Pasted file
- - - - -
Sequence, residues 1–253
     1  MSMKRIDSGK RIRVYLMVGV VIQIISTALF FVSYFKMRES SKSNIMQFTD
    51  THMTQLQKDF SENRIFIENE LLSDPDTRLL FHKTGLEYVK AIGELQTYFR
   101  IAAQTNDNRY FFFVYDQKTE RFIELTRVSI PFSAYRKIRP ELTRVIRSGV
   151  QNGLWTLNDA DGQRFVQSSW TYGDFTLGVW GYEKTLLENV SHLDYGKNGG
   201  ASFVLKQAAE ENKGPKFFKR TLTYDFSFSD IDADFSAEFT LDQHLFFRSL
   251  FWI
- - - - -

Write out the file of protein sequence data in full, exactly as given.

Sequence, residues 1–253
     1  MSMKRIDSGK RIRVYLMVGV VIQIISTALF FVSYFKMRES SKSNIMQFTD
    51  THMTQLQKDF SENRIFIENE LLSDPDTRLL FHKTGLEYVK AIGELQTYFR
   101  IAAQTNDNRY FFFVYDQKTE RFIELTRVSI PFSAYRKIRP ELTRVIRSGV
   151  QNGLWTLNDA DGQRFVQSSW TYGDFTLGVW GYEKTLLENV SHLDYGKNGG
   201  ASFVLKQAAE ENKGPKFFKR TLTYDFSFSD IDADFSAEFT LDQHLFFRSL
   251  FWI